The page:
For more information about Yes on 300 and its effects, download our Legal Impact FAQ (PDF):
Legal Impact FAQ

"I support the Right to Survive because it will help get people off the streets. As a former law enforcement professional, with a focus on corrections, my experience has taught me that homeless people are in need of housing and services - not jail. By eliminating criminal punishment for simply being homeless, the Right to Survive will help law enforcement play a more productive role in ending homelessness. We can build trust, which helps us to successfully connect homeless people to services and treatment."
- Carrie Roberts, Former Officer and Sheriff's Deputy, Colorado Department of Corrections, Parker, CO

"Network Ministries has pursued the dignity and personhood of Denver’s most vulnerable women and men for nearly forty years. Denver’s Right to Survive initiative ensures the protection of our most vulnerable friends & neighbors amidst a tidal wave of urban growth for the upwardly mobile. Until PTSD and mental illness cease to exist, increased protections for this community is vital."
- Ryan Taylor, Executive Director of Network Coffee House (Homeless Resource Center) 

9to5 Colorado
ACLU of Colorado
American Friends Service Committee
Bayaud Enterprises
Beloved Community Mennonite Church
Black Lives Matter 5280
Center for Constitutional Rights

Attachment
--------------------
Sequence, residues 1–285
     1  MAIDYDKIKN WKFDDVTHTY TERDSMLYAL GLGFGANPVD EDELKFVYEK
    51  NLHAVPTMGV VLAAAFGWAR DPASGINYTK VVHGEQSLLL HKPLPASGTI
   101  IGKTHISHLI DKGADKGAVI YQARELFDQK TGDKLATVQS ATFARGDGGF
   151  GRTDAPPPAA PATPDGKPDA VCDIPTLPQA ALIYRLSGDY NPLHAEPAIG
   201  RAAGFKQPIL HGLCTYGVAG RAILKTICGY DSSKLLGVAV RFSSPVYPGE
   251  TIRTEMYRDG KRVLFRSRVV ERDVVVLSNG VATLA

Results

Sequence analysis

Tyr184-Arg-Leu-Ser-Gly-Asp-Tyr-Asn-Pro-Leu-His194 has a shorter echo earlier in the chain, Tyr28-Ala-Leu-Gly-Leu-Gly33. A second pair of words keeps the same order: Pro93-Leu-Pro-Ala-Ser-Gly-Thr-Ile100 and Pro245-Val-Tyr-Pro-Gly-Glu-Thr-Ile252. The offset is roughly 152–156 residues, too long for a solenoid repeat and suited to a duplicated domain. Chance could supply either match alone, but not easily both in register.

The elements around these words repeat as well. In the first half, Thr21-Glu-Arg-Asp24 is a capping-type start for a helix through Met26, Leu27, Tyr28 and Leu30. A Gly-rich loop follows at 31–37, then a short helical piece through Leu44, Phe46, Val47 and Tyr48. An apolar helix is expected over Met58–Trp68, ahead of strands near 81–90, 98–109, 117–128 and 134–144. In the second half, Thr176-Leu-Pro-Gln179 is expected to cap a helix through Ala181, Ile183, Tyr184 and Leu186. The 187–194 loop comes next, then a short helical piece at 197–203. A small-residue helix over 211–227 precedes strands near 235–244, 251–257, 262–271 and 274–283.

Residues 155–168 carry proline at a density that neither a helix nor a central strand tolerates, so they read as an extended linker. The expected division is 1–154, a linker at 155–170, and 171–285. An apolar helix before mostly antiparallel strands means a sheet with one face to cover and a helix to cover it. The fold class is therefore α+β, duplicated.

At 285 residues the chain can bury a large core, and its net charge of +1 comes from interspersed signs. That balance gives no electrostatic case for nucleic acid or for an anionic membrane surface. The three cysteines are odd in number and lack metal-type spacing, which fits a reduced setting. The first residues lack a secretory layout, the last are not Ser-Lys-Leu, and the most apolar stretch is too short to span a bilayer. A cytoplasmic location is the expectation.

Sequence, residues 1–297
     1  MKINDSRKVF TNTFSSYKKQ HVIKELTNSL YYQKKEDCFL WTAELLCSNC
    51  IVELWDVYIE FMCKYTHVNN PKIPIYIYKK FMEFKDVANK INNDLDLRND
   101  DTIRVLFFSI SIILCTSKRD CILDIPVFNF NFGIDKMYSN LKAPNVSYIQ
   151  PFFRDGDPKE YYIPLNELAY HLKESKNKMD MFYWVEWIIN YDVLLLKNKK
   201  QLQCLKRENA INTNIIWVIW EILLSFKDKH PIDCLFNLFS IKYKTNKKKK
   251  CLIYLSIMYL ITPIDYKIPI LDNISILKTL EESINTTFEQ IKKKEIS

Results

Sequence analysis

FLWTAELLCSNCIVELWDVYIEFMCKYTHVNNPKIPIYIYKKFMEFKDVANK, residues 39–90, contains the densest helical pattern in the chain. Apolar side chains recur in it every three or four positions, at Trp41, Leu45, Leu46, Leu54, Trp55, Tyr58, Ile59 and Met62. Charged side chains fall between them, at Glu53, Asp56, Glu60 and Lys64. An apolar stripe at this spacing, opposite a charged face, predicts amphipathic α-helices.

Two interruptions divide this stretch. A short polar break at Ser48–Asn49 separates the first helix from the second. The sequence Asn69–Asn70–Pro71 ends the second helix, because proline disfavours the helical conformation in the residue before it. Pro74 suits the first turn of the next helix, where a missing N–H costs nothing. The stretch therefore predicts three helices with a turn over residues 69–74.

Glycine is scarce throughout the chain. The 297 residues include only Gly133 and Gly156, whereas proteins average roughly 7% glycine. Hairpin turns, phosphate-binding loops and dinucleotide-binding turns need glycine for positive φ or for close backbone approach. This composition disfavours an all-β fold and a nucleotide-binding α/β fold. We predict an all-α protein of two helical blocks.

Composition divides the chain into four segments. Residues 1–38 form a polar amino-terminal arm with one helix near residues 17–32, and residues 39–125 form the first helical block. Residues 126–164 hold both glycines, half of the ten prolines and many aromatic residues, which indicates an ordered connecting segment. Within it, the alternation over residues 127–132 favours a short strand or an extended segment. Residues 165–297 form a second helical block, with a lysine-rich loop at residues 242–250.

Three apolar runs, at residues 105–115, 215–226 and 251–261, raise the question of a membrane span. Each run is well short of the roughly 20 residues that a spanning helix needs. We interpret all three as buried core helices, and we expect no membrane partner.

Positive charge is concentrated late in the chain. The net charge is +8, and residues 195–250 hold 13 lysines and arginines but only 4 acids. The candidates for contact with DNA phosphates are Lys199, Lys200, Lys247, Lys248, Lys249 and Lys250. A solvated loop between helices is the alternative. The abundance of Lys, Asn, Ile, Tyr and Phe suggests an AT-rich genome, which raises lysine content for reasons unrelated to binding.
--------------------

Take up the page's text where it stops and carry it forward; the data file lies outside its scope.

The Center on Colfax
Colorado Cross-Disability Coalition
Colorado Jobs With Justice
Colorado Mental Wellness Network
Colorado People's Action
Colorado Village Collaborative
Communities United Against Mass Incarceration
Democratic Party of Denver
Denver Artists for Rent Control
Denver Boulder Real Estate
Denver Catholic Worker
Denver Compost Collective
Denver DSA
Denver Food Not Bombs
Denver Green Party
Denver Homeless Out Loud
Denver Justice Project
Denver Welcome Home
Drinking Liberally Denver
Dry Bones Denver
Empowerment Program
Harm Reduction Action Center
Interfaith Alliance of Colorado
Metro Denver Community Rights
National Coalition for the Homeless
National Law Center on Homelessness and Poverty
Network Coffee House
Romero Theater Troupe
Student Homelessness and Hunger Advocacy, Research, and Education Network (SHHARE)
Urban Mercy Church
Veterans for Peace, Boulder Chapter
Veterans for Peace, Northern Colorado Chapter
Veterans for Peace, Pueblo Chapter
Western Regional Advocacy Project
West Side Books
Warm Cookies of the Revolution
Working Families Party